BAKING WITH DIFFERENT TYPES OF SUGAR

More often than not, we come across popular recipes that call for white granulated sugar, icing sugar, or superfine sugar. And we just use what was available, substituting any other strange alternatives – molasses, brown sugar, honey – with whatever that is already sitting on your kitchen cabinet. However, different sugars impart different textures and flavours in your pastries, influencing the result of baking.
White sugar is refined cane sugar. It is the most common table sugar that you stir into your coffee and make flans with. The problem with white sugar is that it has all its minerals stripped off, providing consumers zero calories, about 16 calories per teaspoon. It has a moderate glycemic index, which resolves the myth that it is of high glycemic index. White sugar, when used in baking, does not merely sweeten the food. It provides even browning and lighter texture. Granulated sugar is fine, therefore easy to mix with other ingredients, e.g. creaming butter. Making meringues would be effortless with white sugar as it dissolves effectively. White sugar does not clump together, making it suitable for sprinkling on desserts.
Brown sugar can come in light brown and dark brown sugar. Brown sugar is said to be white sugar with molasses added back in, and its colour depends on its molasses content. Brown sugar has higher moisture content. This explains why brown sugar tends to clump together. You can keep a piece of bread in a container kept with brown sugar to prevent clumps. Brown sugar imparts a heavier flavour than white sugar. When packed, it contains 17 calories per teaspoon. For example, making brownies using brown sugar would result in a more caramelised taste. If you like your cookies with more caramel flavour, replace white sugar with brown sugar.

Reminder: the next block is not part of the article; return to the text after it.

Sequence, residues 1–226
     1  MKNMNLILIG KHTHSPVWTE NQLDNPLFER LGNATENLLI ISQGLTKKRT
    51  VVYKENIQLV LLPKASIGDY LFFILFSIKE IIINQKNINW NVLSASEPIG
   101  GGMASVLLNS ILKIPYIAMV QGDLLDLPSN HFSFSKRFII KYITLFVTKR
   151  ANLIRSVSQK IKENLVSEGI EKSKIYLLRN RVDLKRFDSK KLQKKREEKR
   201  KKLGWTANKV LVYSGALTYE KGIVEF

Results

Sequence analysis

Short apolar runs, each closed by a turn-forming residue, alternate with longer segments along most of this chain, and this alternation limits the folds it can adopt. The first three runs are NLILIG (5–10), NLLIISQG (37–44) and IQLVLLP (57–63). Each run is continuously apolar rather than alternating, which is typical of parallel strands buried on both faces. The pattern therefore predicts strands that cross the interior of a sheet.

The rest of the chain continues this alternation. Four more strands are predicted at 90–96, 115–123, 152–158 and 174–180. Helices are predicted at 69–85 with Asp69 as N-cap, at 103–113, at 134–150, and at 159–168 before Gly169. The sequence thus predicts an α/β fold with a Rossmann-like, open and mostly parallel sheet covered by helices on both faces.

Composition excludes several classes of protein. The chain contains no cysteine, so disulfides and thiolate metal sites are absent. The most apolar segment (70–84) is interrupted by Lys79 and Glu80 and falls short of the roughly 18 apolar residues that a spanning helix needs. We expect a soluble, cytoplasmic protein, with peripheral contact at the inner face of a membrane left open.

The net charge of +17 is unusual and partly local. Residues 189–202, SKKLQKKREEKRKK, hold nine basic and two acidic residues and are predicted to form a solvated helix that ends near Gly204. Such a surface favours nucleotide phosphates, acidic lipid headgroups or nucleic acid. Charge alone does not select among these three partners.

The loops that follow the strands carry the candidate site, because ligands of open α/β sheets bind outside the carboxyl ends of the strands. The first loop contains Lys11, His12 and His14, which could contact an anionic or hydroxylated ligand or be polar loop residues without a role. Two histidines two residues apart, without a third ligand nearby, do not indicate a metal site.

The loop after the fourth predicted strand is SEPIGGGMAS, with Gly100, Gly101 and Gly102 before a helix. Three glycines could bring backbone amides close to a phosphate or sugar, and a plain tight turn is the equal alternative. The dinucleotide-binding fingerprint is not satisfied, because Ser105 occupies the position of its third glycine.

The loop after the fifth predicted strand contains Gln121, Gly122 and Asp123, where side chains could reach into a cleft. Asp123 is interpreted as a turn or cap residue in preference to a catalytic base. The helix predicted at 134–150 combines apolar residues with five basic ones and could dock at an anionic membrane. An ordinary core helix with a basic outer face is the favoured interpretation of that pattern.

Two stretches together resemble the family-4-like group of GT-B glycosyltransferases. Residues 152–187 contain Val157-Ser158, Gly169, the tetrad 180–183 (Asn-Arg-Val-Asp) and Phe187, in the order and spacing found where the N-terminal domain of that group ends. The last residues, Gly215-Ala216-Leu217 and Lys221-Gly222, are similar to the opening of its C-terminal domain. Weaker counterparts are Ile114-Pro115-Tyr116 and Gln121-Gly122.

Muscovado, also known as dark brown sugar, is actually unrefined brown sugar, and was named poor man’s sugar. Since it is essentially sugarcane juice boiled and left to dry out, it retains most of its nutrition. It is stickier than brown sugar due to even higher moisture content, so you should take out some of the liquids used in the recipe. Muscovado can be used to substitute both white sugar and brown sugar in baking and making beverages, with 11 calories per teaspoon. It has a stronger flavour than brown sugar.
Sugar substitutes such as honey, maple syrup, molasses and corn syrup can be used to replace sugar in various recipes. Experiment on your own to compare the effects of different sugar alternatives with sugar. Planning to open up your own bakery?

Leave a Reply

Your email address will not be published. Required fields are marked *